I took an element of this photograph, and started making different kaleidoscopic designs using my favorite software program, Kaleider (I’ve written posts about Kaleider, just click on the tag at the right for Kaleider to bring them up, and you can check out the software at this link).  I made several designs that I really liked, and this was one of the ones I loved most:

Honeybee kaleidoscope

Honeybee kaleidoscope

Next, I did a repetition technique (I’m going to be teaching this on CraftEdu, so email me if you’re interested in that class).  I took the repetition design and uploaded it to zazzle.  The only thing I’ve had time to make so far from it was a necktie, and that won a TBA award!!

Zazzle TBA, honeybee design necktie

Zazzle TBA, honeybee design necktie

I’m donating 10% of everything sold on my zazzle shop through the end of July to the fund to help rebuild the Berkeley-East Bay Humane Society after their fire, so if you’re thinking of buying anything — now’s the time!

Demise of a gallery

This is for local readers, my loyal local patrons and friends who have taken the time to come see my work at the local art gallery, or to visit me when I was working there.  If you’re not from around here (Northern California) or just not interested in the topic, then you’ll stop reading, or push on for a cautionary tale. 

For a bit less than a year I’ve been working on Saturdays at a gallery in El Cerrito.  The space is beautiful, well-lighted, with creative displays and a great variety of artwork and crafts.  It’s owned by the family of an artist who used to have only his work in the gallery, but generously opened the space up to other artists less than 2 years ago.  Unfortunately, I didn’t know about the gallery until after the holidays last year, so I couldn’t take part in what was a successful holiday season for them.  Shortly after that, though, I started working every Saturday (on top of my full time job).  Even though it was hard giving up my Saturdays I wanted to see how my things sold, and I really looked forward to this year’s holiday season.  I also looked forward all week to going into the gallery — if people came in to buy art, that was fantastic.  If they came in to look around and chat (or not), that was wonderful too.   And if no one came in, I got my work done.  Since most of the work I do involves the use of a computer, printer, sewing machine or other large equipment, it was always a challenge to plan what I would work on, and make sure everything I needed fit into the box that I carried back and forth every week.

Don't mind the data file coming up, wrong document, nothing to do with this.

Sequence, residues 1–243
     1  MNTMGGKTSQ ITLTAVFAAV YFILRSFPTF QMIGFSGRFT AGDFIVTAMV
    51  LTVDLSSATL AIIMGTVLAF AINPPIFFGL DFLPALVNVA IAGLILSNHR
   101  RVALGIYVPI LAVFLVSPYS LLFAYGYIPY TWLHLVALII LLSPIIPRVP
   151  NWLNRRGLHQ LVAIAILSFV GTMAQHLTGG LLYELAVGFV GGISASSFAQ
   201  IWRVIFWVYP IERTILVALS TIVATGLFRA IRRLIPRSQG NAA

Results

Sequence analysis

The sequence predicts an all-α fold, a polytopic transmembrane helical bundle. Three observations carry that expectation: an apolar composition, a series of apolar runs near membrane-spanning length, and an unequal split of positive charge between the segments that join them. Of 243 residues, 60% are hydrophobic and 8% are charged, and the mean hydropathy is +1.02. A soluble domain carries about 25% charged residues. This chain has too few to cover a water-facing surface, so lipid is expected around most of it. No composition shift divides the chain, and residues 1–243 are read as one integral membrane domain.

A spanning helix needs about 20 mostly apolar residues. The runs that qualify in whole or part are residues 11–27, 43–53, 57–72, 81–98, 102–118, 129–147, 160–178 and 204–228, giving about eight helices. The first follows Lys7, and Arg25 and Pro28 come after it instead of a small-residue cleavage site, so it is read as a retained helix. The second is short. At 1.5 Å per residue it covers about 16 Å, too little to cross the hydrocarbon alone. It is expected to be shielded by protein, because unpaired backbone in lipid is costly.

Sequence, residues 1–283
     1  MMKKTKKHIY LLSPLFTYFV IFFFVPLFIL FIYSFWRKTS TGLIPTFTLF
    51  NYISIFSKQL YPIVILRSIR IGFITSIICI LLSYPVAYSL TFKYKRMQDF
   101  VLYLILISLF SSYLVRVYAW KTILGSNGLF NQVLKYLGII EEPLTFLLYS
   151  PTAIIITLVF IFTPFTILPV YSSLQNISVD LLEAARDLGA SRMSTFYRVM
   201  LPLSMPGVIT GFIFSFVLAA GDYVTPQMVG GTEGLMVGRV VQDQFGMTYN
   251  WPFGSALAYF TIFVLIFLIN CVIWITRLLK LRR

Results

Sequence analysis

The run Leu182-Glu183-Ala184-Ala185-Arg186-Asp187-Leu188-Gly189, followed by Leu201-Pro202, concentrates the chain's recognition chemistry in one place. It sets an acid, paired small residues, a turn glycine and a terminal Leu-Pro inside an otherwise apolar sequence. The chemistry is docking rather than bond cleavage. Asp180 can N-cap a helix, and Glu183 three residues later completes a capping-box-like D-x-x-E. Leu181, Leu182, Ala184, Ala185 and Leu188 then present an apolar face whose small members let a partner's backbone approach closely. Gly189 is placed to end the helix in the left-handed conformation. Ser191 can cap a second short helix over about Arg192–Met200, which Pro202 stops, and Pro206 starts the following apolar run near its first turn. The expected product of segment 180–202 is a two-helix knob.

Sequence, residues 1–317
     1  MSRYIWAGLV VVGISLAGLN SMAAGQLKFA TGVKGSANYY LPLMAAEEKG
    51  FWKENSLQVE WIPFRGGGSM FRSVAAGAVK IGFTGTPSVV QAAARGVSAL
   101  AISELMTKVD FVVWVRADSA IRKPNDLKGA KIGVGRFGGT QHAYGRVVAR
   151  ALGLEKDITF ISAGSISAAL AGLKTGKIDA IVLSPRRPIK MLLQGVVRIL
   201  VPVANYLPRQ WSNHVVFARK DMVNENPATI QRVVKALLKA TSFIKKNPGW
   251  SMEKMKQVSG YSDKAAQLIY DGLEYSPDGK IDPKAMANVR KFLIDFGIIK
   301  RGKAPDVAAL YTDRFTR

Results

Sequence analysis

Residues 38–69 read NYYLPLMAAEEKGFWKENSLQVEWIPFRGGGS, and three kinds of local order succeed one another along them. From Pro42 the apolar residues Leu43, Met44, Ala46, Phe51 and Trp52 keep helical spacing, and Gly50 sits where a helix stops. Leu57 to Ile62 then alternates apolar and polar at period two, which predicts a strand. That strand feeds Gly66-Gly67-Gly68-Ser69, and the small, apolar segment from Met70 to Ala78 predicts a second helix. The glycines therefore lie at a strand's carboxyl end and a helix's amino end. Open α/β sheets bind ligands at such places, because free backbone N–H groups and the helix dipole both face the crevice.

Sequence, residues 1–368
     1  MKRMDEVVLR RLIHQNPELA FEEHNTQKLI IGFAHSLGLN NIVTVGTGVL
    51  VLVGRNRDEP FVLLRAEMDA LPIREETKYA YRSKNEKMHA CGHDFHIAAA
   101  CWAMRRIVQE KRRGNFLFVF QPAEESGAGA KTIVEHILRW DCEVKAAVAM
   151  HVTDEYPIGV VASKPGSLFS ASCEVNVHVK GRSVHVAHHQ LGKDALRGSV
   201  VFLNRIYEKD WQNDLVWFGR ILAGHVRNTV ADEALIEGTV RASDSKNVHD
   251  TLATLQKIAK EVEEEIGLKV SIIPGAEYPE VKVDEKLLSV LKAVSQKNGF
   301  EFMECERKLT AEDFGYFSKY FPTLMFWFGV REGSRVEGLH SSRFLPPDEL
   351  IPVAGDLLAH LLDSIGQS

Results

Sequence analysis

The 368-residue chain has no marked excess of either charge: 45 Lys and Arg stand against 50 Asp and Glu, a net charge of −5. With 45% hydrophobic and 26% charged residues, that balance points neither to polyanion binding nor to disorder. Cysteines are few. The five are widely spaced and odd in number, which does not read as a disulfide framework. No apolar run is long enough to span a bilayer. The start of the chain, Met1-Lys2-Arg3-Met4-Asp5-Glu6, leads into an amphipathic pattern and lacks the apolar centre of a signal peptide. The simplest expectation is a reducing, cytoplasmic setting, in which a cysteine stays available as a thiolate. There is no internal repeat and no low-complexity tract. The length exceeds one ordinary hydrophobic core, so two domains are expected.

Most lately I had been using the time to coat lutradur or metal sheets with Golden Paints’ digital grounds (see my articles on that product).  I also took advantage of the great natural lighting in the gallery to take photographs of my work.

The few of us who worked there were volunteers, who in exchange for our time got a larger percentage of any of our work that sold.  That was great for me for several months, but when the economy tanked, sales dried up.  Lately only a few people were even coming into the gallery on Saturdays (usually the busiest day of the week).  I was committed to staying, though, and thought that my work, often popular as gifts, would do okay during the holidays.   Well you know what I’m going to say next.  The gallery is now closed.  The artist whose family owns it couldn’t keep it open through the holidays.  He’s evidently thinking of getting an artist or two in there with him to pay rent.  I hope that works out – we need all the venues for art we can get!

Photos on tiles, part 1

I’m going to add photos to this post, but for now I’ll just write, so please check back to see samples of what I’m writing about. 

I’m intrigued by placing my images onto unusual surfaces.  Tiles are attractive to me because there are so many uses — they can be hung individually or as a set, displayed on a shelf, used in a backsplash, etc.  I guess professional tiles are generally made by dye sublimation, but without that expensive technology, I explored ways to get my inkjet prints onto the tiles. 

First about the tiles — I started out with plain white enamel tiles.  I next tried the larger clay tiles, and then tumbled tiles, which were a little harder to find.  Home Depots have some tiles, but I’ve found that different stores carry different products, so you’ll have to check.  I once found a tile store pretty far from my house that had the most gorgeous marbled tiles.  Click here to see a photograph of a naked lady lily on a marble tile.  Lesson to me – when I see something I like and am pretty sure I’ll use, get enough!  The tumbled and marbled tiles are slightly smaller but thicker than the normal enamel size, so you may not be able to fit them into some of the products made for the standard sizes, like boxes, ready-made frames, stands, etc. 

Okay, now for the fun part. The best way to get an accurate image (one that looks nearly like it would on a piece of inkjet paper) onto most surfaces you can’t get through a printer is by using lazertran.  It’s a great product, basically a waterslide decal.  They make different kinds, but I use the inkjet.  Much more about lazertran in another post, coming soon.  And by the way, you can get a lot of information from their website